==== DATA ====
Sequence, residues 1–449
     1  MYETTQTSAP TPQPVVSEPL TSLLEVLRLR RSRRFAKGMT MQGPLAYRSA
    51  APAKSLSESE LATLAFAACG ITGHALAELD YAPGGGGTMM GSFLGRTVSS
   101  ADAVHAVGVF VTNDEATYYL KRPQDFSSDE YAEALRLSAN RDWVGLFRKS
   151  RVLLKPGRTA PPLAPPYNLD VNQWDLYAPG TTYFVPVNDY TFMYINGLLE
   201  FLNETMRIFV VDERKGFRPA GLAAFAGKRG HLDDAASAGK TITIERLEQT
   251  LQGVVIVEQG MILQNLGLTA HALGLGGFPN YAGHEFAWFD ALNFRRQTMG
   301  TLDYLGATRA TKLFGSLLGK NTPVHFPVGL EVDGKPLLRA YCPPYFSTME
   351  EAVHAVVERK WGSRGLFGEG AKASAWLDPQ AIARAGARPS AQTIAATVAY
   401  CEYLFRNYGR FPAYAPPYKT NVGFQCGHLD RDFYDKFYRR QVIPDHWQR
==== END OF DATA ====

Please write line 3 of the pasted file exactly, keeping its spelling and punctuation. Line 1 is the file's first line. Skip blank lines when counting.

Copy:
    51  APAKSLSESE LATLAFAACG ITGHALAELD YAPGGGGTMM GSFLGRTVSS